Exhausts and mufflers - how they work with your engine

By Terry Leonard

A motorcycle's exhaust is a set of tubes that is attached to the internal combustion engine. When gasoline is burnt, waste gases are made. The exhaust system releases these gases from the engine and out into the environment.

Exhaust systems come in various sizes with different fixtures for the motorbike or car marques available. Unlike the car market, motorbike exhausts tend to fit more models. A BMW performance exhaust has different mounting positions than a Ford truck exhaust, and the same logic applies, e.g., across Ford Escape parts versus other Ford or Holden parts. However, you may find that a muffler for a Ducati also fits a Yamaha with just a change of bracket.

The exhaust manifold and the exhaust pipes are the two main parts of a bike's exhaust system. The gases also pass through the catalytic converter and muffler before reaching the exhaust pipes. The manifold is the first part of the system and it collects the gases from the multiple cylinders present in the engine. The gases then flow into a single pipe, ready to pass through the catalytic converter.

The manifold is mostly light-weighted, however, when it is designed to focus more on enhancing the optimal flow of the waste gases by cautiously calculating the pipe lengths, it is known as a header.

Once they flow into a single pipe, they move into the catalytic converter. The purpose of the cat converter is to make the emissions safer for the environment. Combustion tends to release various harmful gases. These include nitrogen gas, carbon dioxide, water vapor, carbon monoxide, hydrocarbons, and nitrogen oxide.

When these harmful toxins pass through the cat converter, they are converted into less harmful ones before being released into the atmosphere. This simple device also makes sure that there is no smell of gasoline when the gases are released. Most racing cars do not have a catalytic converter, and have a less restrictive muffler. This makes them louder and generally allows the engine to liberate more power.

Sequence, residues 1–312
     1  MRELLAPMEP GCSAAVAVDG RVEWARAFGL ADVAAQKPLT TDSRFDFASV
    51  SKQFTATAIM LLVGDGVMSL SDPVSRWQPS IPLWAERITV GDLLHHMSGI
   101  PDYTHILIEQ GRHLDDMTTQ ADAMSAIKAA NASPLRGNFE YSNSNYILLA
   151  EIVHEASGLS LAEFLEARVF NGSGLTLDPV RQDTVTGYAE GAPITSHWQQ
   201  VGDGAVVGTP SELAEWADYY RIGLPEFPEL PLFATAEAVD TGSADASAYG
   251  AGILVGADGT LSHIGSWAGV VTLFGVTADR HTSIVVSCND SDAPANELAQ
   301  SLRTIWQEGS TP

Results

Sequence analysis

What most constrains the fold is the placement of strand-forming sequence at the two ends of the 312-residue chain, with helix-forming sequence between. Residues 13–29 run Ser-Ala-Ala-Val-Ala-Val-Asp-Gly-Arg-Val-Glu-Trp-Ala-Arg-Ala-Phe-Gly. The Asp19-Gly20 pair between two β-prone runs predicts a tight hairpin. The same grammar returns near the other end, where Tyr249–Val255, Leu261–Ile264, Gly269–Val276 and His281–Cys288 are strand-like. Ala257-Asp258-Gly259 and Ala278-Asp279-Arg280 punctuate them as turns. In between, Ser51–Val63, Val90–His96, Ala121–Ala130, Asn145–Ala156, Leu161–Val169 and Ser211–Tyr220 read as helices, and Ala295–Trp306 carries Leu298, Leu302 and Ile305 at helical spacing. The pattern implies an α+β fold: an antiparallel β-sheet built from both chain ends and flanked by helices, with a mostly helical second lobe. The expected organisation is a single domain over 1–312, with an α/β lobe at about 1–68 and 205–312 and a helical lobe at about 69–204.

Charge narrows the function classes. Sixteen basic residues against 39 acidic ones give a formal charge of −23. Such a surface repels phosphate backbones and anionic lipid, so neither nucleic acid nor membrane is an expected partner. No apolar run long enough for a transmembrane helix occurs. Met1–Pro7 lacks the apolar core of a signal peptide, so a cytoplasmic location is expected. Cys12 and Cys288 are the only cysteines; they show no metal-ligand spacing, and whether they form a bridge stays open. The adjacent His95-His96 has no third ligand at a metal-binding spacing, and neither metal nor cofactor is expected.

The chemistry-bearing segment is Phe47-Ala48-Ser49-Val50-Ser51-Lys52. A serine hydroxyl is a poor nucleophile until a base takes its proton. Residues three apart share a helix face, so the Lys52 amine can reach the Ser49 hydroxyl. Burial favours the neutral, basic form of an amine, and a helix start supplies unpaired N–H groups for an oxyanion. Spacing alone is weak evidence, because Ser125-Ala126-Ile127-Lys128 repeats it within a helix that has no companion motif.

The cat back part of the exhaust system starts at the end of the catalytic converter and goes on till the final pipe. The pipe that connects the cat converter to the muffler is also included in this portion. In a racing car there is usually a straight pipe in place of the catalytic converter. Some fuels used in racing, such as Avgas (aviation fuel) contain lead which affects the converter's ability to operate. A muffler may be used to restrict noise to acceptable levels (for example 85dB, but if that's not required then having no muffler allows the engine to breathe more freely.

The basic purpose of the muffler is to reduce sounds by reflecting sound waves that the engine produces. It is a set of tubes with holes which reduces the intensity of sound by adding two or more sound waves together.

The sound waves and exhaust gases will enter through one of the many tubes in the muffler. It then passes through what is called a resonator. By producing a wave, this chamber cancels out a certain frequency of sound.

The last part is the exhaust pipe, that is, the part that releases the burnt gases into the atmosphere. The pipes are designed to carry the harmful burnt gases away from the motorbike and can be made of metal or aluminium.

Often, the exhaust pipe has a chromed tip. Here, the pipe will be of a larger size than the rest of the exhaust system. This will further reduce the pressure and stop the edges from rusting. This kind of aftermarket exhaust part may also help in enhancing the look of the motorcycle.

About the Author:

Grab The Post URL

HTML link code:
BB (forum) link code:

Leave a comment

  • Google+
  • 0Blogger
  • Facebook
  • Disqus

0 Response to "Exhausts and mufflers - how they work with your engine"

Post a Comment

comments powered by Disqus